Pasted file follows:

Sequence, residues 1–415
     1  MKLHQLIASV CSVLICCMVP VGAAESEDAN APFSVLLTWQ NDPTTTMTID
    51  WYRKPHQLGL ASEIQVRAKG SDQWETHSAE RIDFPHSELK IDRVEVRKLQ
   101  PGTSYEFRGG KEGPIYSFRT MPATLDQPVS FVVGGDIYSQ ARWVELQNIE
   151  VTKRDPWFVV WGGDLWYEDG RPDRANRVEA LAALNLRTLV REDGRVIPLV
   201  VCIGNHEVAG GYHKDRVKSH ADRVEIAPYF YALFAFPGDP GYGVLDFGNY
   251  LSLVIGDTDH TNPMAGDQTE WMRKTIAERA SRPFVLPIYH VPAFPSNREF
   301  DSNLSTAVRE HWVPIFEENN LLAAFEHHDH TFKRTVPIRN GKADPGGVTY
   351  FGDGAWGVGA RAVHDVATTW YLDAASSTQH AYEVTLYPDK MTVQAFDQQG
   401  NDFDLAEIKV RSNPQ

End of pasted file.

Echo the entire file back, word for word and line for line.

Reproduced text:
Sequence, residues 1–415
     1  MKLHQLIASV CSVLICCMVP VGAAESEDAN APFSVLLTWQ NDPTTTMTID
    51  WYRKPHQLGL ASEIQVRAKG SDQWETHSAE RIDFPHSELK IDRVEVRKLQ
   101  PGTSYEFRGG KEGPIYSFRT MPATLDQPVS FVVGGDIYSQ ARWVELQNIE
   151  VTKRDPWFVV WGGDLWYEDG RPDRANRVEA LAALNLRTLV REDGRVIPLV
   201  VCIGNHEVAG GYHKDRVKSH ADRVEIAPYF YALFAFPGDP GYGVLDFGNY
   251  LSLVIGDTDH TNPMAGDQTE WMRKTIAERA SRPFVLPIYH VPAFPSNREF
   301  DSNLSTAVRE HWVPIFEENN LLAAFEHHDH TFKRTVPIRN GKADPGGVTY
   351  FGDGAWGVGA RAVHDVATTW YLDAASSTQH AYEVTLYPDK MTVQAFDQQG
   401  NDFDLAEIKV RSNPQ